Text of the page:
November 9th, 2016

Where Will President-Elect Trump Take American Space Endeavours?

Given the fiscal policies of his party, and his own stances on Climate Change, there is concern about how a Trump administration will affect NASA. Credit: Wikipedia Commons/Gage Skidmore

Given the fiscal policies of his party, and his own stances on Climate Change, there is concern about how a Trump administration will affect NASA. Credit: Wikipedia Commons/Gage Skidmore

With the 2016 election now finished and Donald Trump confirmed as the president-elect of the United States, there are naturally some concerns about what this could means for the future of NASA. Given the administration’s commitment to Earth science, and its plans for crewed missions to near-Earth Orbit and Mars, there is understandably some worry that the budget environment might be changing soon.

At this juncture, it is not quite clear how a Trump presidency will affect NASA’s mandate for space exploration and scientific research. But between statements made by the president-elect in the past, and his stances on issues like climate change, it seems clear that funding for certain types of research could be threatened. But there is also reason to believe that larger exploration programs might be unaffected.

September 19th, 2016

Moon-walker Buzz Aldrin opens new Mars exhibit at Kennedy Space Center

Apollo 11 moon-walker Buzz Aldrin says he hopes the Kennedy Space Center Visitor Complex’s new “Destination: Mars” experience will help inspire human exploration of the Red Planet.

Aldrin was at the complex on Sunday at a media preview and ribbon-cutting for the attraction, which features a holographic image of Aldrin, as he guides visitors on a walk along the virtual Martian surface.

A proponent of colonization of Mars, Aldrin told reporters that he would like to see the next president make a bold statement shortly after taking office in January for accelerating the timeline for human spaceflight to Mars, so that we can one day “call two planets ‘home.'”

October 7th, 2015

Las Vegas bets that SpaceX will make it to Mars before NASA

spacex-dragon-mars

NASA may believe that it’ll be the first to land humans on Mars, but don’t tell that to Las Vegas betting houses. Popular Mechanics has asked Docsports’ Raphael Esparza to set odds for the first organization to put people on Mars, and he believes that SpaceX stands a much better chance of reaching the Red Planet (5 to 1) than anyone else, including NASA (80 to 1). To put it bluntly, SpaceX has the money and the motivation that others don’t — NASA would be the favorite, but its budget cuts are holding it back.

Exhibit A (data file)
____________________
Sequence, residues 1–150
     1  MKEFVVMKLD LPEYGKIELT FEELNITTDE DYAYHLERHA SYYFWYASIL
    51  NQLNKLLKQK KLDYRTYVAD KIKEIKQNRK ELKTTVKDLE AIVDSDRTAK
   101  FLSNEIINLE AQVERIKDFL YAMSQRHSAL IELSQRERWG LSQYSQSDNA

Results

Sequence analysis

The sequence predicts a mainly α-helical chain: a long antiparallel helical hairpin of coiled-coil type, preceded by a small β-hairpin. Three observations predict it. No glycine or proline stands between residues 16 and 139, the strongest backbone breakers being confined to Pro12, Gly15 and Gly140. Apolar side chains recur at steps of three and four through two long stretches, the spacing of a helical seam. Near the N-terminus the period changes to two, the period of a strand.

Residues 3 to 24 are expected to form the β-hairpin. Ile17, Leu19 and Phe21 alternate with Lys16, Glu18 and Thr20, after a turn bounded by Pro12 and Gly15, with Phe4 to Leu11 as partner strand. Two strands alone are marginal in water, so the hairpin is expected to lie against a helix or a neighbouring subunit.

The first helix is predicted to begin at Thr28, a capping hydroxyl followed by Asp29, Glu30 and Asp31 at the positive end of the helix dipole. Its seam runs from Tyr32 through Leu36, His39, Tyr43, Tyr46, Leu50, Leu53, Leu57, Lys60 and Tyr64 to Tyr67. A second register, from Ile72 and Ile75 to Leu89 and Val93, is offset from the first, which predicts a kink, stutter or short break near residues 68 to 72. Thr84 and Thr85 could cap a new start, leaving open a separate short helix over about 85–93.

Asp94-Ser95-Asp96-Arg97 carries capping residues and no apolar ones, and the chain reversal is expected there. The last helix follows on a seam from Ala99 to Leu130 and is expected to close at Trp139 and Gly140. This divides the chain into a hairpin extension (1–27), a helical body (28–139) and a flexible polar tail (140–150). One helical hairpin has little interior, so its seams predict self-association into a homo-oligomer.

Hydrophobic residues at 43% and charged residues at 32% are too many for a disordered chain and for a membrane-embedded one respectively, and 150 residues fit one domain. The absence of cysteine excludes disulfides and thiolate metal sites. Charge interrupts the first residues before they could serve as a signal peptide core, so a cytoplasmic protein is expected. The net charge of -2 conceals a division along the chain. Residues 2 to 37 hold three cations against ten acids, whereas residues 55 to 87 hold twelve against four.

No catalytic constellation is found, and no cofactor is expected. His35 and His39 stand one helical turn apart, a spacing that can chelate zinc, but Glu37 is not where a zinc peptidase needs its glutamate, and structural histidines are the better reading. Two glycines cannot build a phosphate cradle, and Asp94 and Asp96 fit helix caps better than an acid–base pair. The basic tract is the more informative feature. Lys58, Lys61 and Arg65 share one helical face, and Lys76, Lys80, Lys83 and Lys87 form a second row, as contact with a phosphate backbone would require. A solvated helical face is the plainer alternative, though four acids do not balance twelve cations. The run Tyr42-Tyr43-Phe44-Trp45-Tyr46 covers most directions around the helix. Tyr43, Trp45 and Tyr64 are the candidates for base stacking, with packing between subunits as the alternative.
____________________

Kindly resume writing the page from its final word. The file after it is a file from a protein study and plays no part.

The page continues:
August 20th, 2015

NASA to rely on Mars programme’s silent workhorse for years to come

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NASA’s Mars Reconnaissance Orbiter, aging and arthritic a decade after its launch, remains productive and is expected to be the primary pipeline for high-resolution maps of Mars for scientists and mission planners over the next decade.

Scientists who want to study Mars’ enigmatic history, tenuous water cycle and climate will continue to rely on the nearly $900 million MRO mission, and engineers charged with selecting landing sites for future Mars rovers, and eventual human expeditions, will use maps created from the orbiter’s imagery, officials said.

And the success of future landers, beginning with NASA’s InSight seismic probe next year, depend in part on MRO’s availability to relay data from the Martian surface to Earth.

July 27th, 2015

NASA Launches a New Space Camp Aimed at Recruiting for Future Mars Expeditions Clapway

Space camp was an idea that always seemed more like a farfetched dream than a place a child might actually go visit, but new reports indicate NASA is looking to bring a new ground-breaking space camp in hopes of fueling interest among candidates who may go on to become part of future Mars expeditions.

NASA has seen a declining budget and support for years, despite all of the new discoveries and technologies the world has benefited from. One element of this new space camp is to drum up some additional interest in the program through the country’s future leaders.

July 9th, 2015

NASA Selects Astronauts for First U.S. Commercial Spaceflights NASA

NASA has selected four astronauts to train and prepare for commercial spaceflights that will return American launches to U.S. soil and further open up low-Earth orbit transportation to the private sector. The selections are the latest major milestone in the Obama Administration’s plan to partner with U.S. industry to transport astronauts to space, create good-paying American jobs and end the nation’s sole reliance on Russia for space travel.

“I am pleased to announce four American space pioneers have been selected to be the first astronauts to train to fly to space on commercial crew vehicles, all part of our ambitious plan to return space launches to U.S. soil, create good-paying American jobs and advance our goal of sending humans farther into the solar system than ever before,” said NASA Administrator Charles Bolden. “These distinguished, veteran astronauts are blazing a new trail — a trail that will one day land them in the history books and Americans on the surface of Mars.”

NASA named experienced astronauts and test pilots Robert Behnken, Eric Boe, Douglas Hurley and Sunita Williams to work closely with The Boeing Company and SpaceX to develop their crew transportation systems and provide crew transportation services to and from the International Space Station (ISS).